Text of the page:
The experience at Guelph was wonderful. Dr. Judith Koenig, who performed Dolly’s surgery, called me right after the surgery, and continued to keep in contact with me during Dolly’s eight-day stay. Because I live so far from the hospital, (in Bowmanville, Ontario) I was unable to visit, but she kept me well-informed of Dolly’s condition.
When we got Dolly home, her aftercare included a course of antibiotics, changing her dressing daily and wrapping her up in a pressure bandage for the first couple of days that made her resemble a sausage with feet, head and tail sticking out! After that initial period, she wore an abdominal belt, which made it much easier to change the dressing, which I did every day or two. The belt could be adjusted for additional swelling/shrinking of the abdomen. Two weeks later, my vet came to remove her stitches, after which the incision did open slightly, but healed well regardless.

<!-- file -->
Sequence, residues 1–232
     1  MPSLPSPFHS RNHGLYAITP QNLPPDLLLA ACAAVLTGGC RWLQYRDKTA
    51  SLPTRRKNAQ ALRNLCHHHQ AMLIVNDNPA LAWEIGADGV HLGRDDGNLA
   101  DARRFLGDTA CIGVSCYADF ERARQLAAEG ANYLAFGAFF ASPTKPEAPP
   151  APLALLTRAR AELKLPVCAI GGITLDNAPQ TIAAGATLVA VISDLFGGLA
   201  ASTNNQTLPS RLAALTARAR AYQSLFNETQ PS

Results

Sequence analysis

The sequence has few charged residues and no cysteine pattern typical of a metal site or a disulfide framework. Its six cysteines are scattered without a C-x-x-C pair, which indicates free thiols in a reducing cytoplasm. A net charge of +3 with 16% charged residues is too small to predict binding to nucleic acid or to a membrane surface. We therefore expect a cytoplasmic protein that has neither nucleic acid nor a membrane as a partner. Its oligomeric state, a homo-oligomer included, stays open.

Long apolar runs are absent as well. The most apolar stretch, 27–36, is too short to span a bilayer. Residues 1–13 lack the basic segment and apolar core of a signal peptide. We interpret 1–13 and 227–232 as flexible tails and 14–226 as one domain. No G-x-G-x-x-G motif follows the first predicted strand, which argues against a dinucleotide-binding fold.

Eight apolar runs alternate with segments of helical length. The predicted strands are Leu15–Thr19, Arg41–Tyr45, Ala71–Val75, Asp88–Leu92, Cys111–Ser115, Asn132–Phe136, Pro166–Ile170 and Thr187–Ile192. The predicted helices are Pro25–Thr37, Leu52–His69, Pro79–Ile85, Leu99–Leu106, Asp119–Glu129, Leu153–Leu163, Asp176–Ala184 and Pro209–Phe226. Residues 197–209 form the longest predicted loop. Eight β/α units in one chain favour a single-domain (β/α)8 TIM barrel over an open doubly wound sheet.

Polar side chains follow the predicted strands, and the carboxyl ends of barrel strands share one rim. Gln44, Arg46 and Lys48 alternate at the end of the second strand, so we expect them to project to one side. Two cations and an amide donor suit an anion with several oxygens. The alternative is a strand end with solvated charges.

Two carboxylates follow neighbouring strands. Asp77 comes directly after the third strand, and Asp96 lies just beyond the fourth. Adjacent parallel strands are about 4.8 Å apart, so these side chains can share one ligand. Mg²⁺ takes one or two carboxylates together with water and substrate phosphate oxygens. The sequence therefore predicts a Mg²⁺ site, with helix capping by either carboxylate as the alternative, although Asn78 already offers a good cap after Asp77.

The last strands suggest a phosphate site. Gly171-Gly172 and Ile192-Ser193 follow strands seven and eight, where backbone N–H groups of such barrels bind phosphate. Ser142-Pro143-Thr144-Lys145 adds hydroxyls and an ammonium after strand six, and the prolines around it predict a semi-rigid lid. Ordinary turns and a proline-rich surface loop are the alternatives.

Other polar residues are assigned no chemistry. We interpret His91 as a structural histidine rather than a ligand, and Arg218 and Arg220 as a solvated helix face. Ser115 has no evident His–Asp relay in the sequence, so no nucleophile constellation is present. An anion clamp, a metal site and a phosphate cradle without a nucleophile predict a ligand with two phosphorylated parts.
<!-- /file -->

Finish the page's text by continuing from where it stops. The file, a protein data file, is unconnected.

Dolly was put on one-month stall rest, and I continued to change the bandage daily. She was hand-walked daily, then put into a small paddock for a few hours morning and night. She slowly started going outside for the whole day, and after three months of wearing the belt we were able to let her out “naked!”
As I write this, it has been a year since the surgery and the incision has healed beautifully. Looking at her in the field you can’t even tell she had a hernia. If I add everything up (all vet bills, surgery, before and aftercare, hernia belt, transporting to and from Guelph and taxes) the final bill was just under $4,000, but having the little pony in my field healthy and happy is priceless! ~ Lydia Keen